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Oracle® Coherence Developer's Guide
Release 3.7

Part Number E18677-01
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27 Performing Transactions

This chapter provides instructions for using Coherence's transaction and data concurrency features. Users should be familiar with transaction principles before reading this chapter. In addition, the Coherence Resource Adapter requires knowledge of J2EE Connector Architecture (J2CA), Java Transaction API (JTA) and Java EE deployment.

The following sections are included in this chapter:

27.1 Overview of Transactions

Transactions ensure correct outcomes in systems that undergo state changes by allowing a programmer to scope multiple state changes into a unit of work. The state changes are committed only if each change can complete without failure; otherwise, all changes must be rolled back to their previous state.

Transactions attempt to maintain a set of criteria that are commonly referred to as ACID properties (Atomicity, Consistency, Isolation, Durability):

Sometimes ACID properties cannot be maintained solely by the transaction infrastructure and may require customized business logic. For instance, the consistency property requires program logic to check whether changes to a system are valid. In addition, strict adherence to the ACID properties can directly affect infrastructure and application performance and must be carefully considered.

Coherence offers various transaction options that provide different transaction guarantees. The options should be selected based on an application's or solution's transaction requirements.

Table 27-1 summarizes the various transactions option that Coherence offers.

Table 27-1 Coherence Transaction Options

Option Name Description

Explicit locking

The ConcurrentMap interface (which is extended by the NamedCache interface) supports explicit locking operations. The locking API guarantees data concurrency but does not offer atomic guarantees. For detailed information on this option, see "Using Explicit Locking for Data Concurrency".

Entry Processors

Coherence also supports a lock-free programming model through the EntryProcessor API. For many transaction types, this minimizes contention and latency and improves system throughput, without compromising the fault-tolerance of data operations. This option offers high-level concurrency control but does not offer atomic guarantees. For detailed information on this option, see "Using Entry Processors for Data Concurrency".

Transaction Framework API

Coherence Transaction Framework API is a connection-based API that provides atomic transaction guarantees across partitions and caches even with a client failure. The framework supports the use of NamedCache operations, queries, aggregation, and entry processors within the context of a transaction. For detailed information on this option, see "Using the Transaction Framework API".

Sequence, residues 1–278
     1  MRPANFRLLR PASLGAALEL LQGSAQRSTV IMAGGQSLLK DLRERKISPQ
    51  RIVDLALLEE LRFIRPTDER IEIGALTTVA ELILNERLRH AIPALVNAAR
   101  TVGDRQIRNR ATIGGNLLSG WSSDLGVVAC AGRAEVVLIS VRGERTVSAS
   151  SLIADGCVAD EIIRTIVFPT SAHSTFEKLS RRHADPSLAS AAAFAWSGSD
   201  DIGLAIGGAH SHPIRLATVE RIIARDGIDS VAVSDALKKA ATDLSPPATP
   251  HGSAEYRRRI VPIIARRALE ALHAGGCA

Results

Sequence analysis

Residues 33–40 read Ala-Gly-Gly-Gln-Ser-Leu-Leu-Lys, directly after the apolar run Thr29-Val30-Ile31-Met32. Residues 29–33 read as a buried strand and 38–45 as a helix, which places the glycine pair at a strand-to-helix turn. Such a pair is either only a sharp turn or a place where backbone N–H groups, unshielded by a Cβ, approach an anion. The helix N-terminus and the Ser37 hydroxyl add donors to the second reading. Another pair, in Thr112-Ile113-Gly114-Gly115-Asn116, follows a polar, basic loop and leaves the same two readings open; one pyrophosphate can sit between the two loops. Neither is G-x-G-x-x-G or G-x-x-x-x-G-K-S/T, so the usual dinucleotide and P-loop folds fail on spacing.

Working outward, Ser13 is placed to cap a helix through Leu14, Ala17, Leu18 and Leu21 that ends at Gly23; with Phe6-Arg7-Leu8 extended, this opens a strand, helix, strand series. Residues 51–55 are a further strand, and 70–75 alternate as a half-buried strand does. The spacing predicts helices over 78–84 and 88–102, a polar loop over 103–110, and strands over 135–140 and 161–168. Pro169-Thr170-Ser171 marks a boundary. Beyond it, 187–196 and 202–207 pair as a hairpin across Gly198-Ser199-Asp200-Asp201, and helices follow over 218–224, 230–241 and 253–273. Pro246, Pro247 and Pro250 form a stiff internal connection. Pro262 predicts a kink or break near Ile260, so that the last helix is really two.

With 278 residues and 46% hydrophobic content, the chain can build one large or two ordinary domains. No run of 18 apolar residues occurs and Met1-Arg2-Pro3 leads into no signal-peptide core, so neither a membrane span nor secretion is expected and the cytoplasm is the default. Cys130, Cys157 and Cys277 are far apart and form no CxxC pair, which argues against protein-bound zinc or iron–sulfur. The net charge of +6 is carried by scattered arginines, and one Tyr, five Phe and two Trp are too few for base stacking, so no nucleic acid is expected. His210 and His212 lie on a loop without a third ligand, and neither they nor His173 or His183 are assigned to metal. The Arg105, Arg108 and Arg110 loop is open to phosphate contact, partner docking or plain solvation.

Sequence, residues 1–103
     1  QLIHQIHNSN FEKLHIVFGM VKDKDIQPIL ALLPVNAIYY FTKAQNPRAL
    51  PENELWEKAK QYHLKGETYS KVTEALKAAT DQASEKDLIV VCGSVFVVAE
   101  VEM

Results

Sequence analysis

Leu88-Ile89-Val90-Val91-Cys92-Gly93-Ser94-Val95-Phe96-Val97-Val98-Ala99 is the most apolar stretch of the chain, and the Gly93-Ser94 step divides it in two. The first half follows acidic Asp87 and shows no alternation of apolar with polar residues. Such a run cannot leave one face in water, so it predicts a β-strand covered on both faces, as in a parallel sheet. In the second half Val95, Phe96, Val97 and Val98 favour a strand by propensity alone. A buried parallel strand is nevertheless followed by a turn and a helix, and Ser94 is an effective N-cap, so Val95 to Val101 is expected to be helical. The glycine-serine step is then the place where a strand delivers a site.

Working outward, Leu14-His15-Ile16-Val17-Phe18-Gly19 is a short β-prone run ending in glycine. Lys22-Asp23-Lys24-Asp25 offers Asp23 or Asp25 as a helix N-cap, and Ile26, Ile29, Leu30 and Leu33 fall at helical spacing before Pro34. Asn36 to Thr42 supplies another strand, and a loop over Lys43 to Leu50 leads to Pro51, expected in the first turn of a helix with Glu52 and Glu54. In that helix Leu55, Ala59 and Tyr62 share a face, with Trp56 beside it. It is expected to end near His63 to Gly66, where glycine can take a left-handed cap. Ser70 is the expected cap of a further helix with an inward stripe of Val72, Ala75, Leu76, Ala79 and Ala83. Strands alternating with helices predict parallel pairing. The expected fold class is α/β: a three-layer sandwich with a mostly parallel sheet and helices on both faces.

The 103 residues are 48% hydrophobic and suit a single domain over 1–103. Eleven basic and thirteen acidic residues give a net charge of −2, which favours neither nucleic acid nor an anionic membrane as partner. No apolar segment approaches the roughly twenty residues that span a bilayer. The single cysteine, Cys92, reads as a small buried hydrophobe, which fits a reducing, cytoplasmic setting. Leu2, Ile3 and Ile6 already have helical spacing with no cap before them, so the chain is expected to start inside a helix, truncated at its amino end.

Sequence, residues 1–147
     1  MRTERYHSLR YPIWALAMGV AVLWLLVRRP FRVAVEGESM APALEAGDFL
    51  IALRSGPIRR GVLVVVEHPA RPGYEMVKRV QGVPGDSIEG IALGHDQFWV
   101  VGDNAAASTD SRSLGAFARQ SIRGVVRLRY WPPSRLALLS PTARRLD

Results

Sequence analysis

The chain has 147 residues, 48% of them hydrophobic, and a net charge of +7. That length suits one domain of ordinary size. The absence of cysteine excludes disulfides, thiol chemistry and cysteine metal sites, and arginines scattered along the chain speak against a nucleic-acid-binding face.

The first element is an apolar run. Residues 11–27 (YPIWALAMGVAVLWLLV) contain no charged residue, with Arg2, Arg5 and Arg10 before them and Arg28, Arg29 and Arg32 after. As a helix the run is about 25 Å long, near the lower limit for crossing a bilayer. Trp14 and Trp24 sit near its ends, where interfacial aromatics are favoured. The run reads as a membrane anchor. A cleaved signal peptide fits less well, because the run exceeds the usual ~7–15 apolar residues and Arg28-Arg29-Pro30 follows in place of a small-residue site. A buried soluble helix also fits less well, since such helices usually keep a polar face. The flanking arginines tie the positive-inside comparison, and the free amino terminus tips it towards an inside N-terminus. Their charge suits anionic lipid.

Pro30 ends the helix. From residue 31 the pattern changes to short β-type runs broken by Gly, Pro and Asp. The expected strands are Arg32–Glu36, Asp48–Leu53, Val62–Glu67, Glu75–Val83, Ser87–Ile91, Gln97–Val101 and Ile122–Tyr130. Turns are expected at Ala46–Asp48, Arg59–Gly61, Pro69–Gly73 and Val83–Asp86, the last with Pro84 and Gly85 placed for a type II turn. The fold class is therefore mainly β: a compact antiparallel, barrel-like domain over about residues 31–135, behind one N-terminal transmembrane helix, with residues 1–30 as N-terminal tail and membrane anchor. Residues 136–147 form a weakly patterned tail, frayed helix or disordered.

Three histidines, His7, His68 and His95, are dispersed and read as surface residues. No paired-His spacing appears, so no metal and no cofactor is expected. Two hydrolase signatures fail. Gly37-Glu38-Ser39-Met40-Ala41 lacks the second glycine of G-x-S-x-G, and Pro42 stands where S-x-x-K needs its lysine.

Coherence Resource Adapter

The Coherence resource adapter leverages the Coherence Transaction Framework API and allows Coherence to participate as a resource in XA transactions that are managed by a JavaEE container's transaction manager. This transaction option offers atomic guarantees. For detailed information on this option, see "Using the Coherence Resource Adapter".


27.2 Using Explicit Locking for Data Concurrency

The standard NamedCache interface extends the ConcurrentMap interface which includes basic locking methods. Locking operations are applied at the entry level by requesting a lock against a specific key in a NamedCache:

Example 27-1 Applying Locking Operations on a Cache

...
NamedCache cache = CacheFactory.getCache("dist-cache");
Object key = "example_key";
cache.lock(key, -1);
try
    {
    Object value = cache.get(key);
    // application logic
    cache.put(key, value);
    }
finally
    {
    // Always unlock in a "finally" block
    // to ensure that uncaught exceptions
    // do not leave data locked
    cache.unlock(key);
    }
...

Coherence lock functionality is similar to the Java synchronized keyword and the C# lock keyword: locks only block locks. Threads must cooperatively coordinate access to data through appropriate use of locking. If a thread has locked the key to an item, another thread can read the item without locking.

Locks are unaffected by server failure and failover to a backup server. Locks are immediately released when the lock owner (client) fails.

Locking behavior varies depending on the timeout requested and the type of cache. A timeout of -1 blocks indefinitely until a lock can be obtained, 0 returns immediately, and a value greater than 0 waits the specified number of milliseconds before timing out. The boolean return value should be examined to ensure the caller has actually obtained the lock. See ConcurrentMap.lock() for more details. Note that if a timeout value is not passed to lock() the default is 0. With replicated caches, the entire cache can be locked by using ConcurrentMap.LOCK_ALL as the key, although this is usually not recommended. This operation is not supported with partitioned caches.

In both replicated and partitioned caches, gets are permitted on keys that are locked. In a replicated cache, puts are blocked, but they are not blocked in a partitioned cache. When a lock is in place, it is the responsibility of the caller (either in the same thread or the same cluster node, depending on the lease-granularity configuration) to release the lock. This is why locks should always be released with a finally clause (or equivalent). If this is not done, unhandled exceptions may leave locks in place indefinitely. For more information on lease-granularity configuration, see "DistributedCache Service Parameters".